Roads? Where we’re going, we don’t… ok, so for the foreseeable future we’re still going to need roads. Doc Brown and the rest of the Back to the Future team overestimated just a bit with their ideas of the future. Even though roads are very important for getting from one place to another, there are plenty of areas where you just can’t count on finding viable roadways. Wet or muddy roadways can be impassable for lots of vehicles. In an emergency or disaster situation, the inability to get into or out of an area could spell further disaster. Faun Trackway has come up with a truck that can lay down a temporary road, and then roll it back up once it’s no longer needed. Check out the video below to see the truck in action.
The Trackway truck works by turning its rolled up aluminum roadway 90 degrees. It can then drive in reverse to lay the roadway underneath itself, providing additional traction as it goes. This also reduces the possibility of the truck getting stuck while deploying the temporary roadway. The vehicle can extend up to 50 meters of the aluminum road in around six minutes. Once deployed, the road can handle vehicles up to 70 metric tons.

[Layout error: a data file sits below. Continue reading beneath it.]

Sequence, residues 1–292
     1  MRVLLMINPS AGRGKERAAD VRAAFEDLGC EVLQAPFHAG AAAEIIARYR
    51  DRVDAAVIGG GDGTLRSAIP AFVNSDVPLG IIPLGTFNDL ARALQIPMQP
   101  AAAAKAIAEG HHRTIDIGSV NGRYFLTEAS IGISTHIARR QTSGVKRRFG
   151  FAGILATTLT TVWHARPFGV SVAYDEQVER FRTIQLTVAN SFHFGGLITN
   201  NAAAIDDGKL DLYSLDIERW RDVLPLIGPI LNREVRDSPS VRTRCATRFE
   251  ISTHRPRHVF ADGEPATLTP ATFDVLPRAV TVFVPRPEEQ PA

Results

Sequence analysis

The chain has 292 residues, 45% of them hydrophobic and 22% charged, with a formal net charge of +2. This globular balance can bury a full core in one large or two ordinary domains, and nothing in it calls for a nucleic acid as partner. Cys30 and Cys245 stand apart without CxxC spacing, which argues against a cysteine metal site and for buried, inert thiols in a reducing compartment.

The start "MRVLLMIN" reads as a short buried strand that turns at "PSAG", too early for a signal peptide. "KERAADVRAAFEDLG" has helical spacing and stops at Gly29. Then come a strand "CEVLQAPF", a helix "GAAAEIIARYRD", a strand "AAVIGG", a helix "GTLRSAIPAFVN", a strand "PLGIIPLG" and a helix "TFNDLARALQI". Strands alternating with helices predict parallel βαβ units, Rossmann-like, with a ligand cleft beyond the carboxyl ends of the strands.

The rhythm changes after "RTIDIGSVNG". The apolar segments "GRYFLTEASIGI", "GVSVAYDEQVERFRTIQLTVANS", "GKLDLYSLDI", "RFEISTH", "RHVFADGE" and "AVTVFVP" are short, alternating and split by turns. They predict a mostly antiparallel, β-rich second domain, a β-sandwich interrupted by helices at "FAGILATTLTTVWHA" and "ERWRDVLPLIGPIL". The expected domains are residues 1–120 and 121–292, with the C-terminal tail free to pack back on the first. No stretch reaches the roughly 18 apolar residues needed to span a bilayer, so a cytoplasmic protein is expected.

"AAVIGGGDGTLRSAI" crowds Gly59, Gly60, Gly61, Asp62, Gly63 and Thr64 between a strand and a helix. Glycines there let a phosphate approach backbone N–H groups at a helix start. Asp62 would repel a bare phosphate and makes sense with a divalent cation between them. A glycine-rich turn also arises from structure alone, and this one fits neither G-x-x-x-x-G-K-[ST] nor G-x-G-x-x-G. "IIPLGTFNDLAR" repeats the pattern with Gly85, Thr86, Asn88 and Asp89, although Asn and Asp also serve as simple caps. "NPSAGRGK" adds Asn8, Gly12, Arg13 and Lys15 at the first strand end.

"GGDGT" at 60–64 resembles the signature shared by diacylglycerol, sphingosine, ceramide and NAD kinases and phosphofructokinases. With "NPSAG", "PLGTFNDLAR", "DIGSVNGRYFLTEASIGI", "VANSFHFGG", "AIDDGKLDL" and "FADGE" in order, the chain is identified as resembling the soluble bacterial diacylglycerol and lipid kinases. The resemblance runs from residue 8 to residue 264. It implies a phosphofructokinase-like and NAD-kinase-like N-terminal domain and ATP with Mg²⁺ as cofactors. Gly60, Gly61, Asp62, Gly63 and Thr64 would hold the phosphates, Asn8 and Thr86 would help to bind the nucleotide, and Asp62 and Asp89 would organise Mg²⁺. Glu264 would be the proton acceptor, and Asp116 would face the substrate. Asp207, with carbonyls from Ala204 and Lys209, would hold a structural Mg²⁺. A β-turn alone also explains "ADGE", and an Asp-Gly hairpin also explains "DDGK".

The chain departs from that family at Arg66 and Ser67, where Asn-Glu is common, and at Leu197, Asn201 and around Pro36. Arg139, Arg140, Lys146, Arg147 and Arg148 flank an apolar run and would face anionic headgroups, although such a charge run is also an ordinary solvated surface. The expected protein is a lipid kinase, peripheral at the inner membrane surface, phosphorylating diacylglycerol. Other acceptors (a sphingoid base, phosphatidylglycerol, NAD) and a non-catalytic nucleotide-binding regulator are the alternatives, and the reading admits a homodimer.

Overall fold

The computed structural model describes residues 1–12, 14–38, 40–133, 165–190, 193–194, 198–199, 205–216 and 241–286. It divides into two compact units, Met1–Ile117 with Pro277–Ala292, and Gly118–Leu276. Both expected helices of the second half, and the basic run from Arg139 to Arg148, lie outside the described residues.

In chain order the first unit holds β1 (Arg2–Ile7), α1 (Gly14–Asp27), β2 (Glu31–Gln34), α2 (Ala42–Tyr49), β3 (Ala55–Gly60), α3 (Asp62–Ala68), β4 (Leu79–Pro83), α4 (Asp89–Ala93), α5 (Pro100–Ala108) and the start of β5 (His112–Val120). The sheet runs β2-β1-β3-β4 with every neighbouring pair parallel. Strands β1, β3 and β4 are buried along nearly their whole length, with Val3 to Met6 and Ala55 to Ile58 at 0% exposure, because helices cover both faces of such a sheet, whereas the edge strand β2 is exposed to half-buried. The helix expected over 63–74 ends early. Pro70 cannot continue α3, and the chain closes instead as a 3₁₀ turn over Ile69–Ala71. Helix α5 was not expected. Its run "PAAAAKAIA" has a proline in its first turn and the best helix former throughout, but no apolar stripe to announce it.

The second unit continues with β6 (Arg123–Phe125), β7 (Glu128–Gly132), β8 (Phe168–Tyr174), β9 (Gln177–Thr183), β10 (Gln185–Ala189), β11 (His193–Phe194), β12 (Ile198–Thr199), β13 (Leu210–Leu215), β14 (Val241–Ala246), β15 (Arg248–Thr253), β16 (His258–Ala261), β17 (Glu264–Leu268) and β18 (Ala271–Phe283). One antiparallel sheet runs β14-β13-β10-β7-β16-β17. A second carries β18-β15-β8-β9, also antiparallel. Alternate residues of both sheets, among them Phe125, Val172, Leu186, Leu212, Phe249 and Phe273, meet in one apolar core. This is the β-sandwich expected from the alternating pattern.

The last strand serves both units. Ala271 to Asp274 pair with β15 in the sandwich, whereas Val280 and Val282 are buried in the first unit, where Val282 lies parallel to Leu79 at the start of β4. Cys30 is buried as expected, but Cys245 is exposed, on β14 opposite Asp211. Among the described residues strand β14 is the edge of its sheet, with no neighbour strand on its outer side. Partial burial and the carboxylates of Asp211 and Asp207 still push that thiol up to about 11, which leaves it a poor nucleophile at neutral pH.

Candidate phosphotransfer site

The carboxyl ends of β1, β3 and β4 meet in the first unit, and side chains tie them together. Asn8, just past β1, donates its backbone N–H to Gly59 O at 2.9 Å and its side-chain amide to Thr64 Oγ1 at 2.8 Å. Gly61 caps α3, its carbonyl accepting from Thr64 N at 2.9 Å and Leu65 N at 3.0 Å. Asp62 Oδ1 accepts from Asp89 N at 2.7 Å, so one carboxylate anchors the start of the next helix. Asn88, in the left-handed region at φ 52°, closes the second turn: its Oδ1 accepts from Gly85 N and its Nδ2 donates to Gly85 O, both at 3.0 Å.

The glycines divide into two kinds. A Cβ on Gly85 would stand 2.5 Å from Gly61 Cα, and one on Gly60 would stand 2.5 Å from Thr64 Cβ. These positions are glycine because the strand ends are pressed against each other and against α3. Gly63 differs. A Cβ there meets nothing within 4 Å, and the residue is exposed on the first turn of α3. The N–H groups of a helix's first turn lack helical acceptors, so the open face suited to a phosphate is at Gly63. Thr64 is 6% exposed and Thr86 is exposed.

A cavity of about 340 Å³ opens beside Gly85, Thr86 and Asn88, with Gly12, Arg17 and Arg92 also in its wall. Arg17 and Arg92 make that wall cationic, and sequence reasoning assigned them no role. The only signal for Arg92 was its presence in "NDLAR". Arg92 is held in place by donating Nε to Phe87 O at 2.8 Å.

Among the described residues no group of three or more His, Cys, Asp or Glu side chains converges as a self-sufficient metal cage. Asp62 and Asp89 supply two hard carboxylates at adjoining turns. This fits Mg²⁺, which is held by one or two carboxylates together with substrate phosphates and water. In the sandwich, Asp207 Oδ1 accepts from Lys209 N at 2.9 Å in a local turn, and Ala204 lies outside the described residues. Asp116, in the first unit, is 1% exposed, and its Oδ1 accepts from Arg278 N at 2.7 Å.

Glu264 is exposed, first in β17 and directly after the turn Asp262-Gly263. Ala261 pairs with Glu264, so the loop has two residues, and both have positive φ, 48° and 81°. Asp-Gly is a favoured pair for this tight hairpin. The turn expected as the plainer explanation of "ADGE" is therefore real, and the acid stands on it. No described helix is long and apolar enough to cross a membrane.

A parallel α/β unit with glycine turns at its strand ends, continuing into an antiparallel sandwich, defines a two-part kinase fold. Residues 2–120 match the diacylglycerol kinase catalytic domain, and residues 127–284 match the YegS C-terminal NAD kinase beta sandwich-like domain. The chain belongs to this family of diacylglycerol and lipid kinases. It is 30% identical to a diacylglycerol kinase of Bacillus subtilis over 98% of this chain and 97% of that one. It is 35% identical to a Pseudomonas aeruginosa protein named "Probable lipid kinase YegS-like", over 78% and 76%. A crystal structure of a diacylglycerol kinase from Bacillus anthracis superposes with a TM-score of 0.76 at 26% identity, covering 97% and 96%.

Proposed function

Trackway can deploy even in wet or muddy conditions that would hinder more normal operation. Areas that have been flooded, or experienced mudslides are more accessible with the temporary road created by Trackway.
Originally developed by the U.K. Ministry of Defense, the FAUN Trackway has seen its share of military use. The company reports that more than 30 military agencies have used the Trackway. The vehicle has also been used more recently by various disaster relief organizations in order to provide faster access to obstructed areas.
What do you think about the Trackway’s abilities? Let us know in the comment section at the bottom of the page, or on Google+, Facebook, or Twitter.[button link=”http://www.seeker.com/emergency-vehicle-paves-its-own-road-1926281345.html” icon=”fa-external-link” side=”left” target=”blank” color=”285b5e” textcolor=”ffffff”]Source: Seeker[/button]
Last Updated on July 18, 2016.